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‘VISIONS’ QUEST: Damien Jurado’s latest tour leaves no small-town venue unturned

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Damien Jurado
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OKLAHOMA CITY—For over two decades, acclaimed indie stalwart Damien Jurado has crisscrossed America a few times over. However, for this latest tour in support of his most recent album, Visions of Us on the Land, the modern-day storyteller will not only hit all fifty states but the numerous smaller towns inside them that tend to get looked-over and ignored by most touring artists.

“It’s something that I had never done before,” Jurado said. “In all of my years of touring, there are still a lot of places that I haven’t played. I’ve been touring for 21 years and some of these places I’ve always wanted to play but have never had the chance. I’ve never played a show in Connecticut, Delaware, Wyoming…there’s a handful of them.”

While Jurado said that he is going into this with “zero expectations,” he does feel it’s the kind of tour that perfectly suits the album, which happens to be the final installment of a trilogy which began with 2012’s Maraqopa and continued with 2014’s Brothers and Sisters of the Eternal Sun, following the journey of a character disappearing from society in order to “discover universal truths.”

“A lot of these states I’ve been to, but a lot of these cities I haven’t been to, and that’s a big difference,” Jurado said. “You can’t just go to Washington and say “I’ve been to Seattle, so I’ve been to Washington.” Just like I can’t go to Oklahoma and say I’ve been to Tulsa and Oklahoma City, I’ve seen it all. It’s just not true. For me, it’s low on expectations because the reality is you can’t expect every place to be this amazing place because it’s not going to be.”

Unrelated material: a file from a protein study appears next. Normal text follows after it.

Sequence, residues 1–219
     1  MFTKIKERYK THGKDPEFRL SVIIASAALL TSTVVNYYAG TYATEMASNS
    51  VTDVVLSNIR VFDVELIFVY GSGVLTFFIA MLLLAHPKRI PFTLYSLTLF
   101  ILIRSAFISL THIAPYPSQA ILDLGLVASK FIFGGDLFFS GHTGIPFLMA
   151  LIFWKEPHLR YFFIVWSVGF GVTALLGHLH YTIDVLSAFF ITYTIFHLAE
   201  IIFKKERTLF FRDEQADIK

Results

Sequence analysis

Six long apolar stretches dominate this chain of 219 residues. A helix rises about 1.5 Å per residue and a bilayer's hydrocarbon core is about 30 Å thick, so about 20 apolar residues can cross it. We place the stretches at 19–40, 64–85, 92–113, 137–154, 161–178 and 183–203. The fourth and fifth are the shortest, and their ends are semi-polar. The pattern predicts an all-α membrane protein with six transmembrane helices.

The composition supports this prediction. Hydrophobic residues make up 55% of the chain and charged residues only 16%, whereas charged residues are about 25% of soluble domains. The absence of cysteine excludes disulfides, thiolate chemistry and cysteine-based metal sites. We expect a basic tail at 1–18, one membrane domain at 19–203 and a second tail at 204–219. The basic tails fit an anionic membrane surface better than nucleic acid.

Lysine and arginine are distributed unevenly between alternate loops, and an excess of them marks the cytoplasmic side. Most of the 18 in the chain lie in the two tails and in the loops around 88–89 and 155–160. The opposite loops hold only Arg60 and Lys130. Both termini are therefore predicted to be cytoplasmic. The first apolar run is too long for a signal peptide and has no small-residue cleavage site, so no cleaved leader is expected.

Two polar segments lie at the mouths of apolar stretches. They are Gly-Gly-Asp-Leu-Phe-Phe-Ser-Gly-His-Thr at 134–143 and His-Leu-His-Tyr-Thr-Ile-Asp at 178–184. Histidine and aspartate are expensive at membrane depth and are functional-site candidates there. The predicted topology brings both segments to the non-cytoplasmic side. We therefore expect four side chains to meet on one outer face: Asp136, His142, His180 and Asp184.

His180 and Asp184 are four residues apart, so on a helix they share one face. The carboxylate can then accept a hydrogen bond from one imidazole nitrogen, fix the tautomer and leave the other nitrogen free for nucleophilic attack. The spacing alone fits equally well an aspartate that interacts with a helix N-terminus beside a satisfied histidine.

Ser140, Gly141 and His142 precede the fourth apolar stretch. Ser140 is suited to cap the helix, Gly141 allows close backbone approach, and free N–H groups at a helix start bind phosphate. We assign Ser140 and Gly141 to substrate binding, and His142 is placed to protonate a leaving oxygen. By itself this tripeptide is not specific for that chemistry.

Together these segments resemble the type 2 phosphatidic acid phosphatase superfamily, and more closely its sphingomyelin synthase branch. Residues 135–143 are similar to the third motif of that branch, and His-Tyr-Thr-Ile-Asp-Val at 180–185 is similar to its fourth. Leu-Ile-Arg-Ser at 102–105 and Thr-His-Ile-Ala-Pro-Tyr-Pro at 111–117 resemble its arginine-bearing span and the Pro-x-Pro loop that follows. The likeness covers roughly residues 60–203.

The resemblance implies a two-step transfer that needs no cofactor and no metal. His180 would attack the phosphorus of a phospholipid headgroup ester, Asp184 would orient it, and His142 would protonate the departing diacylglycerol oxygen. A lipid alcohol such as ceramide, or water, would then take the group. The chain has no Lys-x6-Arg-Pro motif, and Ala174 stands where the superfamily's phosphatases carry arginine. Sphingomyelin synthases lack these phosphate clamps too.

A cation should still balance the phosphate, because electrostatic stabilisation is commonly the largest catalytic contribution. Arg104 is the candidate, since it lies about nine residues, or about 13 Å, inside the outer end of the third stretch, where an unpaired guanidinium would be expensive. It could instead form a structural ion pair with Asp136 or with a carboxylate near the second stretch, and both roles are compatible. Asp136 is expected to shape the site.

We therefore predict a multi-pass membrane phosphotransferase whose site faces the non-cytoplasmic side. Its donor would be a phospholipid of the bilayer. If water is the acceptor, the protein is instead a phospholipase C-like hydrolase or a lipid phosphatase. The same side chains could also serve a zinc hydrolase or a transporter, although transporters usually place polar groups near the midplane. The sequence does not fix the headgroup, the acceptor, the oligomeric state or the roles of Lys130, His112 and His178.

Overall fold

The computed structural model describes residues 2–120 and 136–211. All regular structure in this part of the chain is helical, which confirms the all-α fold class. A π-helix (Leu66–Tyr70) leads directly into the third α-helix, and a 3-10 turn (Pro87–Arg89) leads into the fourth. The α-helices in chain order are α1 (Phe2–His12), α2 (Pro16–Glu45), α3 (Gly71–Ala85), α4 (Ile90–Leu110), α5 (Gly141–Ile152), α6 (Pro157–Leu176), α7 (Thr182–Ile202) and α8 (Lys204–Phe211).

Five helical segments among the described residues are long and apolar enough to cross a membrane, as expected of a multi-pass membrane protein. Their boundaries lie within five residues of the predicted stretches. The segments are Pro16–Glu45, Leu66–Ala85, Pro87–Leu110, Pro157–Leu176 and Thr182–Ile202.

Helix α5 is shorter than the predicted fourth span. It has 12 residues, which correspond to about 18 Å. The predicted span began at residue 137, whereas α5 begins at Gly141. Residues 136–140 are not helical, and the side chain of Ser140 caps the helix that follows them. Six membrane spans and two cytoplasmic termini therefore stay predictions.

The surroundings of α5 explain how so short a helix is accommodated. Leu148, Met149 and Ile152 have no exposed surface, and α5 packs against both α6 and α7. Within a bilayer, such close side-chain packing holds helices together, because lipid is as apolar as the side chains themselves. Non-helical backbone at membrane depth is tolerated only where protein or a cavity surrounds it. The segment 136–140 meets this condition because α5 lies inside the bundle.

It’s a sentiment that will see some fruition when Jurado spends most of next week playing gigs throughout Oklahoma, starting in Tulsa at the Woody Guthrie Center on Sunday, September 17th. After a day off, on Tuesday, September 19th he hits the Chouse in Norman, then on Wednesday, September 20th, he moves onto the stage at 89th Street in Oklahoma City.

“My history can show me that it’s the smaller places I’m playing that will have the greater success,” Jurado said. “I’ve played some great shows in New York City; I’ve played sold-out shows in New York City. But I go to New York and it can be sold-out, but who cares? If the audience isn’t engaged, like they are in Youngstown, Ohio or Griffith, Indiana, who cares? Playing to 2000 people at a sold-out show is great, but you know what’s even better than that? Playing to a room of a hundred very attentive people you’re having a conversation with, actually engaging with these people listening to your songs.”

The tour rounds-out its week-long stay in Oklahoma on Thursday, September 21st in Stillwater at St. Andrew’s Episcopal Church and finally in Altus on Friday, September 22nd at the How To Palace. And while many of these places might seem strange for an artist of Jurado’s stature to bed down for the night in, he said it’s done mainly in tribute to those fans that would drive hours in the past to another state, if need be, to see him.

“People will say to me how they drove six hours to see the show tonight,” Jurado added. “That’s something I can identify with because I grew up on the coast of Washington for a while and I would drive three hours to see a band play in Seattle. I connect with that. But I don’t want that for my fans. I am finally able to come to them and it’s a real honorable feeling.”

For tour dates and ticket info visit

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Louis Fowler

Güicho. Gadfly. Chicano. Choctaw. Cristero. Freelancer. Leftist. Activist. Vilified. PKD....

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